Excerpts: “Memorial Remarks for Robert Pirie.”
- Bob Pirie and I met only five or six times a year, even more rarely for one-on-one conversations. Yet he was a friend of a very special kind—ever more important during the summing up phase of my life. We go through life, it has been said, looking for hidden treasure—only to discover that there is no hidden treasure and that, in the end, friendship is the chief treasure left to us.
- Bob provided such a refuge in his home and his person for me and, I suspect, for many of us in this room. There was something singular and elevating about this lawyer-banker-bibliophile who, even at the pinnacle of the business world, found solace in literary communion with John Donne. In a world of sound bites and a 24-hour news cycle—in which he operated fluidly and with every professional success—Bob chose to seek out and preserve, painstakingly, the record of an earlier period’s flourishing of human creativity. And he shared his passion and his sense of wonder at the world with his astonishingly large and catholic circle of friends.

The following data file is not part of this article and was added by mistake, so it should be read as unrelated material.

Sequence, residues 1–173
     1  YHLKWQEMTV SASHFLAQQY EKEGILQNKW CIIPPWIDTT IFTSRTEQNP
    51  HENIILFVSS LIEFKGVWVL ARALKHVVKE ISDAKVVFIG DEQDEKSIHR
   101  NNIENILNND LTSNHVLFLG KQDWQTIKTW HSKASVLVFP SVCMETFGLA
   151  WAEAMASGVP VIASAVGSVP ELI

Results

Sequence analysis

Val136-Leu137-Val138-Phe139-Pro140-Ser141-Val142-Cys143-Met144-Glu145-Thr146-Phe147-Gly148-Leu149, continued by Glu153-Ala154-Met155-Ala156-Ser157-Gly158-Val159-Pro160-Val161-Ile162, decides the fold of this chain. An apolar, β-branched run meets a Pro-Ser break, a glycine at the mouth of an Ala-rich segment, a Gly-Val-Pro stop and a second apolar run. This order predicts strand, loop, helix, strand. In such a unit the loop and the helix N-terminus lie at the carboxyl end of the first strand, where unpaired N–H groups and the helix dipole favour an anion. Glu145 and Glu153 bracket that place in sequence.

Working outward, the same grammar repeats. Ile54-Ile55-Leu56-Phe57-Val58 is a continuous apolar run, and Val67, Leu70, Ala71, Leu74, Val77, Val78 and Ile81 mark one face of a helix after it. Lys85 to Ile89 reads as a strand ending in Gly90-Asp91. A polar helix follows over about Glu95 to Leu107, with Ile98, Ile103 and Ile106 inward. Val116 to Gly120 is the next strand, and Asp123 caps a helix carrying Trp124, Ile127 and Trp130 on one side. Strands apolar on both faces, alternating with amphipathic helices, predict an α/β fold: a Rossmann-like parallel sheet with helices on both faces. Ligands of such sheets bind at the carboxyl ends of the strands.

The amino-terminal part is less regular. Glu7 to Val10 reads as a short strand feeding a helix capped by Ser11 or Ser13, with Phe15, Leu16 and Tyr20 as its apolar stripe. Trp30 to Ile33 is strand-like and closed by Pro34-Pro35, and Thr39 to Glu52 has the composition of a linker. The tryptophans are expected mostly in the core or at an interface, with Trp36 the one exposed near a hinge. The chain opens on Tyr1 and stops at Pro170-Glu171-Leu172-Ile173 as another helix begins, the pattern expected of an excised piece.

- Bob’s political agenda and mine rarely touched. I was most likely to hear from him in turbulent periods. He would be neither hortatory nor nostalgic. Bob conveyed—without ever being this explicit—that there was an underlying congruence transcending the controversies of the day, and that there were topics to be pursued whose exploration might benefit, perhaps amuse, or even uplift us.
Source: Henry Kissinger